Six Guys Talking Markets
Sarge: How many days in a row can the market's lead story be this ever-dwindling trading volume?
Man in the darkened window: How long can the trading volume dwindle?
Sarge: You know I hate when you answer a question with a question.
Man in the darkened window: What?
Ralph Waldo Emerson: The ancestor of every action is a thought.
Sarge: So, this pause means that at least we're thinking?
Napoleon Bonaparte: Take time to deliberate, but when the time for action has arrived, stop thinking and go in.
Sarge: So, you encourage aggression once a decision has been made?
Sun Tzu: He who knows when he can fight and when he cannot, will be victorious.
Sarge: I think I get it.
Man in the darkened window: Get what? We're all in your head. Dingbat.
Sarge: I do get it. It's what we have always done. Do everything for a reason you could explain to a novice. Do nothing without. Thanks guys... Hey, check out the new kid.
"Mad" Anthony Wayne: Issue the orders, Sir, and I will storm hell.
Sarge: This new kid is going to be useful. Probably when the banks report next week.
The Why, Where and When
Thursday's markets remained rather quiet, for most of the day, anyway. It then got interesting. Unless one dozed off or turned on the Mets who were playing day baseball, one missed the impact of Federal Reserve Chairman Jerome Powell upon the marketplace. There was, for a moment, no fear. Check out the VIX...
Man in the darkened window: Cool trick, but can you do that again?
Sarge: Sure, check out the CBOE Options (Index Only) Put/Call Ratio.....
So, what we had on Thursday is an equity market where the Dow Industrials yet again closed practically unchanged while the S&P 500 (another new record!) and small- to mid-cap stocks warmed up just a little, but the Nasdaq Composite and Nasdaq 100 both warmed up a bit more than anything else, driven according to the Sector Select SPDR ETF performance tables by Technology (XLK) . Peeking inside that sector, we see that hardware, software and the semis were all somewhat hot. Energy (XLE) was as cold as ice, and though up more than 29% year to date really has not done "diddly" since late March.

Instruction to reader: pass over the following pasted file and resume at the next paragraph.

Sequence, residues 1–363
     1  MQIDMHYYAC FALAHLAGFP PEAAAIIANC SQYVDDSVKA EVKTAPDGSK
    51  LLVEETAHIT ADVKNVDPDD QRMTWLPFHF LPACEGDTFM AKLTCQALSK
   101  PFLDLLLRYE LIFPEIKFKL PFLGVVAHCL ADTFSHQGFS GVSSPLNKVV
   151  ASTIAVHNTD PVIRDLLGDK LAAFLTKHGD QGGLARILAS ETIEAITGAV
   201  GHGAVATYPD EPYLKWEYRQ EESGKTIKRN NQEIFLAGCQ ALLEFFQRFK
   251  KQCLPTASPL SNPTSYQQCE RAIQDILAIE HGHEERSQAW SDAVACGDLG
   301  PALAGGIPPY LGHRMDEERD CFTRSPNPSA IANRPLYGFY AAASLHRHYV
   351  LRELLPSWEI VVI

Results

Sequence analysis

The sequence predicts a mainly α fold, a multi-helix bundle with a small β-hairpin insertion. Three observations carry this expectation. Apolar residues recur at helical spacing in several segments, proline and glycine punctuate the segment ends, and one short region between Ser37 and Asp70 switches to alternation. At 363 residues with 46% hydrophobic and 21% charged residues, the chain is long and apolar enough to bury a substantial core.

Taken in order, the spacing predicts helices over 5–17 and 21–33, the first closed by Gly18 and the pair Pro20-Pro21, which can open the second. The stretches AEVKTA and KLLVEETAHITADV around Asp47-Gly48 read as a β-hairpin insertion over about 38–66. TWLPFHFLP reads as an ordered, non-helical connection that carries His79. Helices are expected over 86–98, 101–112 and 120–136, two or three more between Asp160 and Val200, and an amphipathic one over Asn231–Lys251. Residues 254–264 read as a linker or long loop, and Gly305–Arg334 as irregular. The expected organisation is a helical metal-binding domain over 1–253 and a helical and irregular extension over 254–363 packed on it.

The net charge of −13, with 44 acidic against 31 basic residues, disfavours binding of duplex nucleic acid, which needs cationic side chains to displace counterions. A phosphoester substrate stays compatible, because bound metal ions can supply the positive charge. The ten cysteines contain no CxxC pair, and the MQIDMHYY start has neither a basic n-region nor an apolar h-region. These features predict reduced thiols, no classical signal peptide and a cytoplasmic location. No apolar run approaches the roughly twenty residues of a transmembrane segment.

True that, in aggregate, equity market trading volume remained anemic, the fact is that the U.S. 10-year note, or more broadly, the longer end of the U.S. Treasury curve, found strength (pushing yields lower) in Chairman Powell's soothing words, and this forced most of what accumulation there was into the tech and small-cap spaces, both of which reside more broadly at the Nasdaq Market Site than they do at the New York Stock Exchange. Hence, breadth was more like a jump-ball downtown, and much more positive up in Midtown.
First, we'll set the stage. The Department of Labor's Weekly Initial Jobless Claims number printed not only above expectations but also higher than the week prior for a second straight week, even as it appears that many states are jumping the gun just a bit on reopening, perhaps focusing more on vaccination rates than on troublingly elevated case counts of new infection. This prompted St. Louis Fed President James Bullard, who spoke about an hour ahead of Powell, to mention that he felt it was too early to even be discussing the pace of the central bank's asset purchase program.